6.3.5 Take a Gendered Perspective, Which is Even More Important in Rural Areas Where Traditional Cultures are More Deeply Embedded
Taking a gender perspective is even more important in rural areas, where traditional cultures can be more deeply embedded and, therefore, gender roles more fixed and limiting. A gender perspective is important for programs specifically targeting girls and/or women, and for mainstream programs. In both cases, a gender perspective helps enhance overall program effectiveness, and improves outcomes for girls and women.
For targeted programs, a gender perspective means considering and designing programs around key factors such as:
- girls’ and women’s situation in the context of their relationships with men,
- how men and other women might react to the opportunities offered to the targeted girls and women,
- how to mitigate the risk of negative repercussions, and
- how to engage and benefit men (and other non-targeted women) to support the overall goal.
Girls and women live and work in families, communities and institutions; considering their environment and helping to create a more supportive environment is critical to girls and women’s success, and therefor to the success of a program.
For mainstream programs, taking a gendered perspective means considering and designing programs around slightly different but related factors such as:
- Different gender rights, roles and responsibilities (especially domestic responsibilities),
- Different baseline asset levels, including the full range of assets like skills and social networks as well as capital, land or animals,
- Different levels of choice, mobility, expectations, desires, and safety (including risk of sexual harassment)
- Relationships – supportive and detractive – among different genders and different age cohorts of the same gender, within families, communities and institutions.
Understanding and designing programs around these kinds of gender dynamics both increases overall program effectiveness and increases program outreach to girls and women.
In gender work, there are different levels of gender change that programs tend to seek, depending on the mission, capacity, and opportunities available to implementing agencies.
- Risk Mitigation: Ensure that the program “does no harm,” does not leave girls and women worse off. For example, many cash cropping communities in which sudden large income increases are controlled by male heads of household, have seen rapidly increased rates of alcoholism, polygamy, child mal-nutrition, HIV and other social ills. Meanwhile, women and young family members work harder and have lower access to food. These risks can be mitigated through gender and youth sensitive programming, incorporating psycho-social services, etc.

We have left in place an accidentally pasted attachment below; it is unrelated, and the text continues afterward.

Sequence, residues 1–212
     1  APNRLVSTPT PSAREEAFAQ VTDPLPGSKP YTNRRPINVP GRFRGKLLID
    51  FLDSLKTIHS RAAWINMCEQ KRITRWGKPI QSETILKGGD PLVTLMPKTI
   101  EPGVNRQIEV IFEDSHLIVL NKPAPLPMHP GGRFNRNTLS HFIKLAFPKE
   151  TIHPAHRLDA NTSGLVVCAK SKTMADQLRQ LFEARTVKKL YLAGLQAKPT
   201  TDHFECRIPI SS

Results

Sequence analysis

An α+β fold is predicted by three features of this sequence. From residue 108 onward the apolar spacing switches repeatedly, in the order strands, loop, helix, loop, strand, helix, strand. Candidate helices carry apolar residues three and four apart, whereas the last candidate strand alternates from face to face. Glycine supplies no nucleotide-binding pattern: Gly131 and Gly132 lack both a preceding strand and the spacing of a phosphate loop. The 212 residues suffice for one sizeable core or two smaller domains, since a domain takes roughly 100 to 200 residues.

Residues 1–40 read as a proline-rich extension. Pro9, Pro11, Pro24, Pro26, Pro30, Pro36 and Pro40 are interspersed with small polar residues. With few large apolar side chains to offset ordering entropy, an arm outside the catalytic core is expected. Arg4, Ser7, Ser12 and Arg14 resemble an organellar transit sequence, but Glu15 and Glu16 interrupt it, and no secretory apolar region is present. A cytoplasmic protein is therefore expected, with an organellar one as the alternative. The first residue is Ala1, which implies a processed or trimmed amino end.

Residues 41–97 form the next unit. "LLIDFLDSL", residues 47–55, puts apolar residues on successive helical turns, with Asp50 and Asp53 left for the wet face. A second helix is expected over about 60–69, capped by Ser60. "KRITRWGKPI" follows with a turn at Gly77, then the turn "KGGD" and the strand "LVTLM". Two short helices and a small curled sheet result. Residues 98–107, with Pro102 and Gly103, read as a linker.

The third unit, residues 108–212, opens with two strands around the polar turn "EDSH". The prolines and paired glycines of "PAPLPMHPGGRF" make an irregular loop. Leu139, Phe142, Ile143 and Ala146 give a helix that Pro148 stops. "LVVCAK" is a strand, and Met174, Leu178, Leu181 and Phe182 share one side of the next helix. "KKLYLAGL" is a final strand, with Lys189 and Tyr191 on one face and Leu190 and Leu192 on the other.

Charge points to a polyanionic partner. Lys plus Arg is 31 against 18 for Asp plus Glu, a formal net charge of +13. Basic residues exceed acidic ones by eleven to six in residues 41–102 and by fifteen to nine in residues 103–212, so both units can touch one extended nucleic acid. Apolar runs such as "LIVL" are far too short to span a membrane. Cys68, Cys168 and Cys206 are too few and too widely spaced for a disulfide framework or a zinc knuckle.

- Inclusion: To increase girls’ and women’s participation, programs need to understand gender issues, and adapt outreach, services, and monitoring and evaluation accordingly.
- Empowerment: Many programs seek to empower girls and young women. These initiatives often target girls and young women exclusively with an integrated package of economic and social services that address multiple barriers girls and women face, and help clients realize their economic and life goals.
- Gender Transformation: Programs seeking gender transformation work to change gender roles and the balance of power in families, communities and/or institutions. Some programs train and empower women to effect gender transformation, but good practice indicates that engaging and involving men directly is very effective and less risky for girls and women. An additional lesson is that paying attention to the hierarchy of women, and how more powerful usually older women enforce gender discrimination against less powerful often younger women, is also important in many situations.
A good gender strategy develops – with input from a range of stakeholders including men and women in target communities – consensus around a common goal for the program. A clear gender goal helps to mitigate some of the common tension around implementing a gender strategy.